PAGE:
Availability in Globally Distributed Storage Systems

This paper by Google Research provides a report on the availability behavior of large cloud storage systems by studying up to 7K nodes at Google over a year. The paper does not propose any new protocols, but provides sufficiently accurate models of system behavior/performance based on the study. These models are important since they enable us to correctly design and optimize these multi layered systems for data availability.

The work is divided into two parts. The first is the analysis of the component availability (disks, machines, racks), and the second is the analysis of the data availability, as inferred from the component availability results and design decisions of the distributed storage system.

A storage node is defined as unavailable when it fails to respond positively to periodic health checking pings sent by the monitoring system. The paper does not investigate about network errors specifically; those are also swept under unavailability with software & hardware faults at the node level. Even in Section 3, when the causes of node availability are analyzed in detail, network errors are not mentioned.

Node unavailability does not directly imply data unavailability thanks to identical replication or alternatively erasure encoding. In both approaches, data is divided into a set of stripes, each of which comprises of fixed size chunks. Data in a stripe can be reconstructed from some subsets of the chunks. For replication, R = n refers to n identical chunks in a stripe, so the data may be recovered from any one chunk. For Reed-Solomon erasure encoding, RS(n,m) denotes n distinct data blocks and m error correcting blocks in each stripe. In this case a stripe may be reconstructed from any n chunks.

Node failures and Correlated failures
The majority of node unavailability is due to planned reboots (such as kernel version upgrades), which is followed closely by node restarts (OS restart on the storage node). Unplanned machine reboots (e.g., kernel crashes) don't occur frequently but have the longest average duration to recover since extra checks and corrections are used to put the machines to a safe state.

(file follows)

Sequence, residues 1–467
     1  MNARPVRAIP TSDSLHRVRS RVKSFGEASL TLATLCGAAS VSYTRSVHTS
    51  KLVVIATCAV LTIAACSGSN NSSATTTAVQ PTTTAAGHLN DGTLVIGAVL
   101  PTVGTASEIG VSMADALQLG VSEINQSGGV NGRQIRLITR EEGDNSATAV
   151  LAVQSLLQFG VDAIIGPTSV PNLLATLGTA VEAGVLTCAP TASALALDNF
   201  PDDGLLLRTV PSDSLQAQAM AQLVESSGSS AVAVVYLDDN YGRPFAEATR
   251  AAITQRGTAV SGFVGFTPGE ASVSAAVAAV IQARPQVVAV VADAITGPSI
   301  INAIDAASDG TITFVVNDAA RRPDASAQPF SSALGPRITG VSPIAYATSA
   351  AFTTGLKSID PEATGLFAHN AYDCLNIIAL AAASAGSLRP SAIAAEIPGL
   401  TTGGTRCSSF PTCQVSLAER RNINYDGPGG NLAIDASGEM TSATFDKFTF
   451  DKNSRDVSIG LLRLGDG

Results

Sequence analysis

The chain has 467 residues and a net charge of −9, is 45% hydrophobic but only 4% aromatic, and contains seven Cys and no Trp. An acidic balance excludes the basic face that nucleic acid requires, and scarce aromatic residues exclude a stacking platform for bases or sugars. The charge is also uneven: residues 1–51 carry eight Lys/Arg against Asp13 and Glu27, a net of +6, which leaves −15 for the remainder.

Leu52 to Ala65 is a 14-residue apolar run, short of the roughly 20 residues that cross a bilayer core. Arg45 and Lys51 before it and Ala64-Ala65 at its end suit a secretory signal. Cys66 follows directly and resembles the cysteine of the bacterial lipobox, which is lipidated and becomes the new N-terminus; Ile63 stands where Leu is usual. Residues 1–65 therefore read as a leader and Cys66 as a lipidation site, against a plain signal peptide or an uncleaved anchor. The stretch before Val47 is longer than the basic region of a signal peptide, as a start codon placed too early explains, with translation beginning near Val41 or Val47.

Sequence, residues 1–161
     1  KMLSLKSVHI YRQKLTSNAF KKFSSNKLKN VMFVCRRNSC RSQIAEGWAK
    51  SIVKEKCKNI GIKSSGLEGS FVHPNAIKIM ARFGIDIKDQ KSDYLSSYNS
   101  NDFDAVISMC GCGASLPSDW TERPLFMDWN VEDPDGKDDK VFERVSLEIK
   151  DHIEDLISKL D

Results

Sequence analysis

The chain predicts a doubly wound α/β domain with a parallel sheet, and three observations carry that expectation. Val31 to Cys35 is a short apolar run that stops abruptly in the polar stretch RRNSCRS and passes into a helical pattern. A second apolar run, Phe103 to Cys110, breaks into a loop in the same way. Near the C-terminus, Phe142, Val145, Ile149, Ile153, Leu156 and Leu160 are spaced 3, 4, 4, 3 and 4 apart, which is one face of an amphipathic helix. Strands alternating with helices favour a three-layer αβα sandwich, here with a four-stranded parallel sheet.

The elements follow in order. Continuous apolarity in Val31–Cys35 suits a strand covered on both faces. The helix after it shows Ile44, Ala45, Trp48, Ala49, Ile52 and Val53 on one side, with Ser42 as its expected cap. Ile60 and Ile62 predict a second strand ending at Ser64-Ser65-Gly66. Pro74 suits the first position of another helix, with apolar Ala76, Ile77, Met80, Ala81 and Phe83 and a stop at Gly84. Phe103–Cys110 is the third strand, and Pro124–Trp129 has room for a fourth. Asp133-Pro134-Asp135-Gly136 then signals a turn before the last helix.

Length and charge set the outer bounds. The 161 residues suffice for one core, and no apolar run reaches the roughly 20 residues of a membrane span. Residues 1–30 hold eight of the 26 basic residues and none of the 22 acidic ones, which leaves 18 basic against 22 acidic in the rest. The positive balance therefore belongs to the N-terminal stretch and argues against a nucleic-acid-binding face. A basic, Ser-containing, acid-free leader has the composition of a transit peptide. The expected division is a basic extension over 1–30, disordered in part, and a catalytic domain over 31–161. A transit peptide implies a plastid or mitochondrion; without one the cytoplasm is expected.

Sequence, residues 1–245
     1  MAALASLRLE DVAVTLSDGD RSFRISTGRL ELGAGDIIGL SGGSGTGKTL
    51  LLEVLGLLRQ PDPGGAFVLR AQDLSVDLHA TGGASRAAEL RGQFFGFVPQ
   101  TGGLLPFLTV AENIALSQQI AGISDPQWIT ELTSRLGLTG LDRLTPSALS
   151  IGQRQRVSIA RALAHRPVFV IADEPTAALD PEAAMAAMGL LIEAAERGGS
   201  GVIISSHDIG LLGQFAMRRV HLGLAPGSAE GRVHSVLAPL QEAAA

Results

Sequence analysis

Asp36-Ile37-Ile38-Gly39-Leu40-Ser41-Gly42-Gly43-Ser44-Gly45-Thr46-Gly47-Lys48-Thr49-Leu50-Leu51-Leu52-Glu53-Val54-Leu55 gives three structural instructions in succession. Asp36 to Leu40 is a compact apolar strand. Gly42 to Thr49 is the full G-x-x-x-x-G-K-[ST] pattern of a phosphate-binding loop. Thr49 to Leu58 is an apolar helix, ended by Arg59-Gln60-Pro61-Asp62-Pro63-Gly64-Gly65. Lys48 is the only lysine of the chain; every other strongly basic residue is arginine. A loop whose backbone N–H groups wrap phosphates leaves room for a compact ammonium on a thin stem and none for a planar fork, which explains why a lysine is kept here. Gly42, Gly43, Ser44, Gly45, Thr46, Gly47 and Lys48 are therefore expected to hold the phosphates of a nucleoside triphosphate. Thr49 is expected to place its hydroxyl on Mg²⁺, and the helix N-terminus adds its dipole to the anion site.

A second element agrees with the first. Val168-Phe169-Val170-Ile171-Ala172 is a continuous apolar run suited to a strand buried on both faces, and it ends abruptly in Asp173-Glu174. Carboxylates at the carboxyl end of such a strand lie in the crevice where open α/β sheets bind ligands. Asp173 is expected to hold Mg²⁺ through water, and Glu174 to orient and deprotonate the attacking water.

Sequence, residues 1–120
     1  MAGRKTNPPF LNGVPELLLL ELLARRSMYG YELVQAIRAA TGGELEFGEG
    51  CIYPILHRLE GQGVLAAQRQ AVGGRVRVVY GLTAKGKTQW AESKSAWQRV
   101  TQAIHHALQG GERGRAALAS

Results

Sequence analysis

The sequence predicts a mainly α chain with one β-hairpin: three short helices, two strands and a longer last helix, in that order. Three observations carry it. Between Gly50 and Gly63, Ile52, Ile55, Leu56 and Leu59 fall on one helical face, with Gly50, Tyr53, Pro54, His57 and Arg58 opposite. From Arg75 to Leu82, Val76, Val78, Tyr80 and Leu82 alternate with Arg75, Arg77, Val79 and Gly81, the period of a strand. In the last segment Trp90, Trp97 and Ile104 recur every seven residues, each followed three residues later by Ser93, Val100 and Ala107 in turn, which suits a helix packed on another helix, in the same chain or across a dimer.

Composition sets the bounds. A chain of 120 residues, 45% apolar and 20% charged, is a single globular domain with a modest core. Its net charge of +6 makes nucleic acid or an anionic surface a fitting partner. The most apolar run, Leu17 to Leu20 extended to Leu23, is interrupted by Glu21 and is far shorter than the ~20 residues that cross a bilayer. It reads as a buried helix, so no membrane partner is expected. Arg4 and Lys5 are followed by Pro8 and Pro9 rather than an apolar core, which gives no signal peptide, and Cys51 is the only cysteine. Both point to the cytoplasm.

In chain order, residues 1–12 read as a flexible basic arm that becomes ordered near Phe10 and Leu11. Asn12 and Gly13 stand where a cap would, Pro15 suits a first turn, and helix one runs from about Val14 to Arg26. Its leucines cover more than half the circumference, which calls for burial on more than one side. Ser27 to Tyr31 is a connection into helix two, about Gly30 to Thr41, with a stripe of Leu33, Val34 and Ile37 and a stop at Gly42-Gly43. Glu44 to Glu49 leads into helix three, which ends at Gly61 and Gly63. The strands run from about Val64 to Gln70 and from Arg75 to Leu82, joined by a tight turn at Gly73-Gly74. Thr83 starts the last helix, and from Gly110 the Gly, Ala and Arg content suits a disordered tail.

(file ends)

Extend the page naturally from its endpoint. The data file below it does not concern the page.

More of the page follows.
The paper then focuses on measuring the frequency and severity of correlated failures. (Root causes of these failures --power outages, rolling reboots/upgrades-- are not investigated in the paper.) A failure burst is defined with respect to a window size as a maximal sequence of node failures, each one occurring within a time window 2 minutes of the next. 2 minutes is derived from a knee analysis of the graph plotting the "effect of window size on the fraction of individual failures that get clustered into bursts".

Next, the paper focuses on detecting rack-related node failures. To this end, rack-affinity score is defined as the "probability that a burst of the same size affecting randomly chosen nodes in that cell will have a smaller burst score". For a random burst, the expected rack affinity score is 0.5, for a rack-correlated burst close to 1, and a rack-anti-correlated burst close to 0 (they have not observed any rack-anti-correlated bursts). The authors found that larger failure bursts have higher rack affinity: All the failure bursts of more than 20 nodes have rack affinity greater than 0.7, and those of more than 40 nodes have affinity at least 0.9. Figure 8 shows frequency of failure bursts sorted by racks and nodes affected, and we can clearly see a large fraction of failures are bursty and rack-correlated. Later at Figure 10, it is shown that large failure bursts are the biggest contributor to unavailability as well.